Given a DCEL, how do you identify the unbounded face

I have constructed a DCEL using the procedure described in How do I construct a doubly connected edge list given a set of line segments?.

This correctly identifies all faces, however I’m struggling to come up with a way to identify the unbounded face surrounding my graph.

So far my only idea is that by building a polygonal representation of every face, I could find the face polygon which ‘contains’ all the others, but this seems kind of messy.

How can one Identify a Magic Item?

I had a disagreement with one of my groups recently: They believe that the identify spell is the only way to identify a magic item, while I believe a high enough Intelligence (Arcana) check is able to do the same.

What I came here to ask is: What are all the possible ways to identify a magic item?

Identify devices from lsof

We have certain Ubuntu (18.04) servers operating .NET Core apps on Kestrel. Recently the apps and OSes have been hanging, requiring entire VM restart.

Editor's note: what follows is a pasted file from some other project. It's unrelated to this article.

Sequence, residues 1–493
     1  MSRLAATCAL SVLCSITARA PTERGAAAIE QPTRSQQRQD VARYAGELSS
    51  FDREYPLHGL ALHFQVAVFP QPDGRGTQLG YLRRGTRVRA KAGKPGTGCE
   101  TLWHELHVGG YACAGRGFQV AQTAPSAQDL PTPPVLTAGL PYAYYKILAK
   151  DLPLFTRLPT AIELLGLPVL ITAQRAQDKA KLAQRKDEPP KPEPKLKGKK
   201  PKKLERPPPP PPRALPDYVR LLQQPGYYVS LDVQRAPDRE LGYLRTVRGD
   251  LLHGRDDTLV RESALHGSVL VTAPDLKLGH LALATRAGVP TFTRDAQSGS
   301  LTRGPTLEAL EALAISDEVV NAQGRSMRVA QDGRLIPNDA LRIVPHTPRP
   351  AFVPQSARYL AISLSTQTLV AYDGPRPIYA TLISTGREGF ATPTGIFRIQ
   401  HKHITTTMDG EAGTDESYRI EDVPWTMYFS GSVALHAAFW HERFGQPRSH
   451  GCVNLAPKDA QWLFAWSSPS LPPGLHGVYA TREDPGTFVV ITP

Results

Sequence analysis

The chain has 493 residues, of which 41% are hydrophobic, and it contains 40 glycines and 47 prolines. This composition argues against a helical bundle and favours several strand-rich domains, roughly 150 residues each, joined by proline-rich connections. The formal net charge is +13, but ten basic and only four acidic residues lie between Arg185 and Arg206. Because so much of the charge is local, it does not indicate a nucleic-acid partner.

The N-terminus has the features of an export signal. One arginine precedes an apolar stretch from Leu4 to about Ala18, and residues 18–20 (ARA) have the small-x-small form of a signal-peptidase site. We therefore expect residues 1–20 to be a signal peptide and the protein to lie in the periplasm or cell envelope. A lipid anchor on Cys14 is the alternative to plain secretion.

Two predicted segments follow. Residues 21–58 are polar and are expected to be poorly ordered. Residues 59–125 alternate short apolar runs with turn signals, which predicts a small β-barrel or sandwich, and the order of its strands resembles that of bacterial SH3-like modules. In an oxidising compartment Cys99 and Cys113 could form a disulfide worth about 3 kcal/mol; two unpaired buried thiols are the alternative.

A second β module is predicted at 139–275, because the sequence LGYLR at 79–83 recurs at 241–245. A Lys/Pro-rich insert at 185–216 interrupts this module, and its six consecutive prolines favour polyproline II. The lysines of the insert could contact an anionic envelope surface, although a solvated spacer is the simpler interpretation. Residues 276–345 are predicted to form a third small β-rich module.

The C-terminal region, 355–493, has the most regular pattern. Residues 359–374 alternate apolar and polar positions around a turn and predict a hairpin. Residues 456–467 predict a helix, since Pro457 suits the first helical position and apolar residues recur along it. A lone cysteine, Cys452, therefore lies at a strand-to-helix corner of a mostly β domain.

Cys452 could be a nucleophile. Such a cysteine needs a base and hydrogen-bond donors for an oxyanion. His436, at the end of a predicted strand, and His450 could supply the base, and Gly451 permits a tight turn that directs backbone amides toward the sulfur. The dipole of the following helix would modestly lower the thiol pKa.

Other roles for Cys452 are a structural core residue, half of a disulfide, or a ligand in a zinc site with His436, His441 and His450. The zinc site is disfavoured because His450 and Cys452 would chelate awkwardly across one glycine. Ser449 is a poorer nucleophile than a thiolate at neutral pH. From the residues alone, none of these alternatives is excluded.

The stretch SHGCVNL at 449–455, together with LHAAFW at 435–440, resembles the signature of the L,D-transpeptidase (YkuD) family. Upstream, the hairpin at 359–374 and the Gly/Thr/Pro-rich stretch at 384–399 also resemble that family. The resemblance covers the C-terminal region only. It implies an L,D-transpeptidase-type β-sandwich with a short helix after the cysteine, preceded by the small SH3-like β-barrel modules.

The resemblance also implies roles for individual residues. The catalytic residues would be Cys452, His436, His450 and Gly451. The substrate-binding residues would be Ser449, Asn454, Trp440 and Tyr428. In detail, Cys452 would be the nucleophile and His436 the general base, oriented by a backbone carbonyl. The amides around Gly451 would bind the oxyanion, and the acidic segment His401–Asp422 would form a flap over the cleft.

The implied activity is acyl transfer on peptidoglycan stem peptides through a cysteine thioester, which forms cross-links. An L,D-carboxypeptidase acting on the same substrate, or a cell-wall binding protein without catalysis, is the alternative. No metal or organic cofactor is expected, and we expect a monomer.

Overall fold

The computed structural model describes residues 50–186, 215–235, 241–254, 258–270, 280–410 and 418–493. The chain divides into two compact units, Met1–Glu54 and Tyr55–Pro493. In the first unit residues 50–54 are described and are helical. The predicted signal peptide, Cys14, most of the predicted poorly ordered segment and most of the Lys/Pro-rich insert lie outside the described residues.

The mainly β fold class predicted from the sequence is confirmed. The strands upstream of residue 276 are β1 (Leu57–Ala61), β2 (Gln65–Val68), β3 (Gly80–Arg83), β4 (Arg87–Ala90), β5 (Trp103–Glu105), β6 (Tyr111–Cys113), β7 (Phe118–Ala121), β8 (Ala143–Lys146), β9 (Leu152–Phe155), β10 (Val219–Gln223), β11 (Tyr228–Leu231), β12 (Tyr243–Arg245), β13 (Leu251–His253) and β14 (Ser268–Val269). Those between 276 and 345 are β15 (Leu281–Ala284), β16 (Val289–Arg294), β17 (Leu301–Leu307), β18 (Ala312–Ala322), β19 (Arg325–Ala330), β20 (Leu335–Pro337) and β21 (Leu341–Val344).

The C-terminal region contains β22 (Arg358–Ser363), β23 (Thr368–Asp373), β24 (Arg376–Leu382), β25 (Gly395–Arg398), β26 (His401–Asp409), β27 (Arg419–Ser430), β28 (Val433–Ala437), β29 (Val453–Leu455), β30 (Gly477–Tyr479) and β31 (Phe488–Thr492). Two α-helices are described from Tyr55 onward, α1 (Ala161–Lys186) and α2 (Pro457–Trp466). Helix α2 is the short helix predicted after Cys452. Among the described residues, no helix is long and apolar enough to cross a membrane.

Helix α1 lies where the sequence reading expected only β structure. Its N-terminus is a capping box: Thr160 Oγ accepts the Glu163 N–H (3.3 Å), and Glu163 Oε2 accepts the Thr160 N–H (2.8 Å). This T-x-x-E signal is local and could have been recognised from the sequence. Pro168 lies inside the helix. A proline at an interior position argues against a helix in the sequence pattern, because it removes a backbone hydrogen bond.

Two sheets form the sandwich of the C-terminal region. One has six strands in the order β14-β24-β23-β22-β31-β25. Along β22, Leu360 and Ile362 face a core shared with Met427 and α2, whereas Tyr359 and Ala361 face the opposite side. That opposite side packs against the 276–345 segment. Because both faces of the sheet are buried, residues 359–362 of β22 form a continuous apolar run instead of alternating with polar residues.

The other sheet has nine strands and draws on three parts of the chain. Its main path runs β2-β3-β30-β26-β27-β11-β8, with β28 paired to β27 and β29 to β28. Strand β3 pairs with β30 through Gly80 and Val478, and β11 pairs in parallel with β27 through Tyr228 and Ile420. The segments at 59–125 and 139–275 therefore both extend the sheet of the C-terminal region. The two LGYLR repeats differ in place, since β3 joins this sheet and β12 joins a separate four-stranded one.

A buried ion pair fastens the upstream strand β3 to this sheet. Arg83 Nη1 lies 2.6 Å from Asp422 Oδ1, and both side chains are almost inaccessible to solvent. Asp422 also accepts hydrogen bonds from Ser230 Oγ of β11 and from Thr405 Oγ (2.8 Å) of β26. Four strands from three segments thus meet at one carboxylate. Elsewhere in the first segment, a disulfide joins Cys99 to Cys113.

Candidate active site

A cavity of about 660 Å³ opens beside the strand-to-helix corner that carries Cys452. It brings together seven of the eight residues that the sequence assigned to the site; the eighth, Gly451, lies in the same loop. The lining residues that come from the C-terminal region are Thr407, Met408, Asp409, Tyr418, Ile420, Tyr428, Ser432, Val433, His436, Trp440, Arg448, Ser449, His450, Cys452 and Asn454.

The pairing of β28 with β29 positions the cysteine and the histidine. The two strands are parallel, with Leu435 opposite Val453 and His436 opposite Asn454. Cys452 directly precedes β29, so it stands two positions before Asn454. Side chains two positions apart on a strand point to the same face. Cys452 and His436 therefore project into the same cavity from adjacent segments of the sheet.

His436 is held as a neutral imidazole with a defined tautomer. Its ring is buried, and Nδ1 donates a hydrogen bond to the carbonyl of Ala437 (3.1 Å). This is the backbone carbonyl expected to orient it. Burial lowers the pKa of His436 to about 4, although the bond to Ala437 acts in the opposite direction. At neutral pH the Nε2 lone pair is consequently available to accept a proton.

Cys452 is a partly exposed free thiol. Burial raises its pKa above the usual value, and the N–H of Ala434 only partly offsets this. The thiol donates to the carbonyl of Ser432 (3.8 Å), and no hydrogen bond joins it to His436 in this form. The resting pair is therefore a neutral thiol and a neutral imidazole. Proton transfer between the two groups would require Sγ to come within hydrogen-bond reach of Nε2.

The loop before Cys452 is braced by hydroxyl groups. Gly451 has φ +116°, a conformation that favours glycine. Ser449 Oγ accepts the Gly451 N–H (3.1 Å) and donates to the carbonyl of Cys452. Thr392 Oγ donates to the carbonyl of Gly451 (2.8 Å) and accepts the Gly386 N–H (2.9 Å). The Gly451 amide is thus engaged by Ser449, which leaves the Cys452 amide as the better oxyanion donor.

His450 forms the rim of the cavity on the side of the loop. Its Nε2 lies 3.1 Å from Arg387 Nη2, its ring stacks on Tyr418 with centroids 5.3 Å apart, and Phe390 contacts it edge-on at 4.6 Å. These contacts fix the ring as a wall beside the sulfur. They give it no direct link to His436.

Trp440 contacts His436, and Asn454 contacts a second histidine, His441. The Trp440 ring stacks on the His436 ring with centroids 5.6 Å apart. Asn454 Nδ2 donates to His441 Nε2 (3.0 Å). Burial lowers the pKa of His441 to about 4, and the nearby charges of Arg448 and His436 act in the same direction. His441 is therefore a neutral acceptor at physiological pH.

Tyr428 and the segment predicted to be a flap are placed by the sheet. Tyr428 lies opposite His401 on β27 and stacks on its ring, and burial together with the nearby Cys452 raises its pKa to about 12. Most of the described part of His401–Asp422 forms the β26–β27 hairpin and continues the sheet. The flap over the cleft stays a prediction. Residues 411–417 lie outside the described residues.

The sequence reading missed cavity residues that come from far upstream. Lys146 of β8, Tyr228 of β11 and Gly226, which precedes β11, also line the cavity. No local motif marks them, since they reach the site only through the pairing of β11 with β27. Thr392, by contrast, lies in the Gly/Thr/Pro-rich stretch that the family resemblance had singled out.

What we found was the app had way too many file descriptors for network sockets. i.e. /proc/

Correspondingly, a query with lsof would reveal an ever-growing pool of “protocol:TCP” of type sock the dotnet process leaks.

COMMAND  PID     USER   FD      TYPE             DEVICE SIZE/OFF   NODE NAME dotnet  6905 www-data  675u     sock                0,9      0t0  96816 protocol: TCP dotnet  6905 www-data  676u     sock                0,9      0t0  96863 protocol: TCP dotnet  6905 www-data  677u     sock                0,9      0t0  96910 protocol: TCP dotnet  6905 www-data  678u     sock                0,9      0t0  96959 protocol: TCP dotnet  6905 www-data  679u     sock                0,9      0t0  97006 protocol: TCP dotnet  6905 www-data  680u     sock                0,9      0t0  97053 protocol: TCP dotnet  6905 www-data  681u     sock                0,9      0t0  97101 protocol: TCP 

From another thread with similar reported problem, https://serverfault.com/questions/153983/sockets-found-by-lsof-but-not-by-netstat we understand that is due to some code (likely some library) in the .NET app that is opening sockets without binding IP address or port to it.

However, what we particularly like to know in this case is, what are DEVICE 0 and 9 in this context? I have seen other reports list 0,5 or 0,7 but nobody explains what those numbers represent which type of device.